And in other news
alf-square triangles and flying geese aside, it’s been a very busy couple of weeks, both socially and with the final push to get QuakeStudies 2.0 finished in time for the launch. We’ve been working on the upgrade (which is actually a totally new build, and then migrating all 148,000 items across from the old system to the new one) for over a year, but even so, as there always is for any big project, there was a last-minute panic to get it all done. We had a “soft launch” a week ago (which is why I ended up working on Waitangi Day, doing all the last-minute checks to make sure that none of the sensitive material would be accidentally made visible to the public), making the website live but not really telling anyone about it. Then, after a week to make sure everything was still working properly, and to do some last-minute uploading of new material, we had the official launch on Thursday night.
We’d invited all sorts of VIPs to the launch event, but hadn’t realised when we sent the invites out that it clashed with the opening of a new building on campus, which the Prime Minister was attending, so of course nearly everyone wanted to go to that instead (Jacindamania is still alive and well). We did get a few city councillors though, plus representatives of the city library and museum, and some of our content providers, as well as a handful of university people, so at least the room wasn’t embarrassingly empty.
In a fit of confidence I’d volunteered to MC the event, so I had that stress added to all the work of getting everything ready for the launch, but I actually (once I got over the initial nerves) kind of enjoyed it. I managed to remember all the speaker’s names when I introduced them, and had fun coming up with little linking comments after each speech to segue into the next speaker (all that Toastmasters training came in handy). And, before the official speeches part started, I did all the greeting of people as they arrived to the event, and introducing them to other interesting people so they’d have someone to talk to, and other hosty stuff like that! I was quite proud of my efforts!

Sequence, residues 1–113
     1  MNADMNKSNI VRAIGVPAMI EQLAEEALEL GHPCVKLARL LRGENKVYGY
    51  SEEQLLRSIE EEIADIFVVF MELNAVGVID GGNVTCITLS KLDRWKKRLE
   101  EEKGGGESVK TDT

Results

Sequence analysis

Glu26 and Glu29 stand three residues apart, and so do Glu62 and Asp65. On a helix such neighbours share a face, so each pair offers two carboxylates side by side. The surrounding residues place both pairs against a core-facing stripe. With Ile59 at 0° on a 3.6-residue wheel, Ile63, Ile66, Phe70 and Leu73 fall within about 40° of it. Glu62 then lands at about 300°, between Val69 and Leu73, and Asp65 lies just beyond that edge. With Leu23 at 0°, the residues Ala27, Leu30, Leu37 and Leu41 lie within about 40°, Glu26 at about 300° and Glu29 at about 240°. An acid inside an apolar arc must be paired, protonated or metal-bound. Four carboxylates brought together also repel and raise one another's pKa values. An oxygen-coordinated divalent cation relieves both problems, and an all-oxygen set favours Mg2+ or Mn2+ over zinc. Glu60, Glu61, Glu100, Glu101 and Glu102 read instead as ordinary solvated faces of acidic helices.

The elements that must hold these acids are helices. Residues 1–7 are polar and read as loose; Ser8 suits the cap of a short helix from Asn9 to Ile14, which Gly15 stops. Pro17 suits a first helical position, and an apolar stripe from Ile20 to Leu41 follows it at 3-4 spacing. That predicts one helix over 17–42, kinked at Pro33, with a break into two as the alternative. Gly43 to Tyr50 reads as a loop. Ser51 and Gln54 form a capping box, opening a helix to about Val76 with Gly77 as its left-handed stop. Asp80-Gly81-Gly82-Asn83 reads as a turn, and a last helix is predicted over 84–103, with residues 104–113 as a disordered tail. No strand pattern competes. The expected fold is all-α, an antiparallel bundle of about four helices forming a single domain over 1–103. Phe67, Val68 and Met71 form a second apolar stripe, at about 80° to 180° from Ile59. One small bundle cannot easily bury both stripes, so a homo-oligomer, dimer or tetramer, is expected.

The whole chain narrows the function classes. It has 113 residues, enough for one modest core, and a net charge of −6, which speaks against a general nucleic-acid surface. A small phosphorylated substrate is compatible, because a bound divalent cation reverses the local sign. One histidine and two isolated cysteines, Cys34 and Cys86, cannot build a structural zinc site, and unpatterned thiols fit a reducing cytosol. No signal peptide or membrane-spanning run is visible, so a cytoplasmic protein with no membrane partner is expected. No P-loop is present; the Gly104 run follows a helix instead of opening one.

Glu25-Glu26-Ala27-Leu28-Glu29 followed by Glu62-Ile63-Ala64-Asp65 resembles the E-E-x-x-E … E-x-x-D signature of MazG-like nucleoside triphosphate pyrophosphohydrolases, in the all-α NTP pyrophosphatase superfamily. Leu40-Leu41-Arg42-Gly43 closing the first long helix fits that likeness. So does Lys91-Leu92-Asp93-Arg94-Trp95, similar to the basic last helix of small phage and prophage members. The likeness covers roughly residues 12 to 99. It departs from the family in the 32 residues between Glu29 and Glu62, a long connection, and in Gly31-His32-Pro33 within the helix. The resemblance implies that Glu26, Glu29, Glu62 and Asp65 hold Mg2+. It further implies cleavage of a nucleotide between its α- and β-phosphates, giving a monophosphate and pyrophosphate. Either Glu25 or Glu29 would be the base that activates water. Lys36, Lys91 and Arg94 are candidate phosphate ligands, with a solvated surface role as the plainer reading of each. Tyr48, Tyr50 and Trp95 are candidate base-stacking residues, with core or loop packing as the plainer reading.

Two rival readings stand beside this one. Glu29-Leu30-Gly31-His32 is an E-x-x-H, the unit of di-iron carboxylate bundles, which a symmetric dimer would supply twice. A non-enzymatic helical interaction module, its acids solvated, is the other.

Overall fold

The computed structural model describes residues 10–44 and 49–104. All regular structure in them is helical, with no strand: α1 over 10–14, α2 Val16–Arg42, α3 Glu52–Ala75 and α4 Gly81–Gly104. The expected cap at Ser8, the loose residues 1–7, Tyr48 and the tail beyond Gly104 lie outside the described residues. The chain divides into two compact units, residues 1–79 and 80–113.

Of course, all that pretending to be an extrovert was absolutely exhausting – by the time I got home that night I was completely shattered. I was very glad I was owed time in lieu for working Waitangi Day, because I only managed a couple of hours at work yesterday afternoon (I’d taken the morning off anyway because I had to be home for the fibre installers) before coming to the conclusion that I was still so tired that I wasn’t really contributing anything useful by being at work, and decided to just give up and go home early.
I was intending to have a quiet night last night (and turned down an invitation to Dana’s to watch more “Dog boy”), but then I got a text from the Gwilks, saying they had a spare ticket to Dungeons & Dragons & Comedians, so did I want to go with them. I’d tried to get tickets for it when it was first advertised, but they sold out instantly, so of course I said yes!